Most guitarists are accustomed to playing scales to warm up or improve their overall technical proficiency, but many restrict their practice to one particular scale or pattern, ascending and descending from root to root. While this has benefits, players who only practice scales in this way are missing out on some big rewards that can improve many facets of their playing. One effective approach that is popular among violinists and cellists is to practice scales in intervals of thirds, with a variety of patterns and variations. Playing intervals of thirds (C–E, D–F, E–G, etc.) in a scale is sometimes referred to as playing “broken thirds.”
This workout starts with a simple C-major scale played in broken thirds. The pattern consists of two notes—thirds—and moves right up through the scale, starting in second position and gradually working up to the 12th fret and back down. This might seem a bit tricky at first, but take it slowly, and it will soon become part of your muscle memory in the same way a scale or G run is.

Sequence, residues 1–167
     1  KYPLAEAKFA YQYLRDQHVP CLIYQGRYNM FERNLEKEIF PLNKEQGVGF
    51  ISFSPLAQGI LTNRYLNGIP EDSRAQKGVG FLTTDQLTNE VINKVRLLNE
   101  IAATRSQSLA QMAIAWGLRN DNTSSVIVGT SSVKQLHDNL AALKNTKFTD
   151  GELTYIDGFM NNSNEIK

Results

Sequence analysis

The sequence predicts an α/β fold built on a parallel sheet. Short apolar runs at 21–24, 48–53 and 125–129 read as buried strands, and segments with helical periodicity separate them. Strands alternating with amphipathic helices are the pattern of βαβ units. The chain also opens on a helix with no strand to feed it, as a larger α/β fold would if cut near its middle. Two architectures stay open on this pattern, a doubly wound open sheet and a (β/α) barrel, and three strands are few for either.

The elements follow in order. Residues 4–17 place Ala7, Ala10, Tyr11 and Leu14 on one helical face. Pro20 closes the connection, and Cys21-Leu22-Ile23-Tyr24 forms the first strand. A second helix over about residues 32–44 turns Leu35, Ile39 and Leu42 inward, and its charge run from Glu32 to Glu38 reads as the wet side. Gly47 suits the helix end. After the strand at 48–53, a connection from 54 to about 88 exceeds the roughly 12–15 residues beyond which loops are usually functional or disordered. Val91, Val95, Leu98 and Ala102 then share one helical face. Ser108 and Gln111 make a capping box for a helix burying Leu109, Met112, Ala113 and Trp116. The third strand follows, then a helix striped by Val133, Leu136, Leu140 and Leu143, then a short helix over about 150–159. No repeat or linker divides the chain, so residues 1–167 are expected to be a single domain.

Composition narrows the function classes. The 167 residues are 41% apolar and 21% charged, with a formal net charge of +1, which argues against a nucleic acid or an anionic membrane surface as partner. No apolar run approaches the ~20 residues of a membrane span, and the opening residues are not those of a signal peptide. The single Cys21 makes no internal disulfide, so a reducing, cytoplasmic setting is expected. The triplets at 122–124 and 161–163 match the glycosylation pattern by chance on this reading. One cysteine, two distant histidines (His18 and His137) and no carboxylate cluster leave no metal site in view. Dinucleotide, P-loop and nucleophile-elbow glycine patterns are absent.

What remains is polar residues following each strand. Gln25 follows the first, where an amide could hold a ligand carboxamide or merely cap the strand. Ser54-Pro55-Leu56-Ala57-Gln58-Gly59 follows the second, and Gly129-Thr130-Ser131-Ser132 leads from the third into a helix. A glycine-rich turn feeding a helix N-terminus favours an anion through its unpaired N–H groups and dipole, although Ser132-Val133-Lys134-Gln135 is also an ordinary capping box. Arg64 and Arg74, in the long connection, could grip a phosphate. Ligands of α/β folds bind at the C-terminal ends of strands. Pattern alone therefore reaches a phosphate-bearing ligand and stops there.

This lesson is excerpted from Scale and Mode Mastery.
Guided by the master teachers who create Acoustic Guitar magazine’s acclaimed Weekly Workouts, follow a series of step-by-step lessons to use the power of scale work in your practice and unlock richer, more creative guitar playing.
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